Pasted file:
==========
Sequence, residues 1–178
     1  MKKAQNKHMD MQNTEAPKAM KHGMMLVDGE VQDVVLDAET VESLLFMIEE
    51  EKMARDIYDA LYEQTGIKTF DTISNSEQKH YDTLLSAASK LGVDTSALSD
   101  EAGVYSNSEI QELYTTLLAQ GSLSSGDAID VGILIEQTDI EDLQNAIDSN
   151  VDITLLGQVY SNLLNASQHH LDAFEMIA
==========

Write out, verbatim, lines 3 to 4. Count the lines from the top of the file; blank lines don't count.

    51  EKMARDIYDA LYEQTGIKTF DTISNSEQKH YDTLLSAASK LGVDTSALSD
   101  EAGVYSNSEI QELYTTLLAQ GSLSSGDAID VGILIEQTDI EDLQNAIDSN